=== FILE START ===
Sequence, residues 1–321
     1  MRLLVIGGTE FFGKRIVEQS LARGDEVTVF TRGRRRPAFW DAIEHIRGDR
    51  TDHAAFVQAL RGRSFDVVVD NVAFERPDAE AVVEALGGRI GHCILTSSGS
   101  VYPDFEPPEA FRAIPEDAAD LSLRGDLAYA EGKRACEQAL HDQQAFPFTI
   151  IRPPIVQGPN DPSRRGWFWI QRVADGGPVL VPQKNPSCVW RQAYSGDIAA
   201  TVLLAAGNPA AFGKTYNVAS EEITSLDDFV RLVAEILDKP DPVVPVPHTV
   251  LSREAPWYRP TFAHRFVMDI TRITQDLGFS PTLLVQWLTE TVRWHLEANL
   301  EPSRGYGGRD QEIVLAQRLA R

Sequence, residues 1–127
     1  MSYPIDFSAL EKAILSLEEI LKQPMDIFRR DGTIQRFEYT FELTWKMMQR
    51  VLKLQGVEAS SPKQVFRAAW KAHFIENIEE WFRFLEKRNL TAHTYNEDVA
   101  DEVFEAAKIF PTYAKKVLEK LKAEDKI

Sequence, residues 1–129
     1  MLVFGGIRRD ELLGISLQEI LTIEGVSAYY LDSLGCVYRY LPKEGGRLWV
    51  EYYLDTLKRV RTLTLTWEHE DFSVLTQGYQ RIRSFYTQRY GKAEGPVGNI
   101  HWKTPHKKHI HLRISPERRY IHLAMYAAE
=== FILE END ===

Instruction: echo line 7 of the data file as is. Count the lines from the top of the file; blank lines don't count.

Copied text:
   251  LSREAPWYRP TFAHRFVMDI TRITQDLGFS PTLLVQWLTE TVRWHLEANL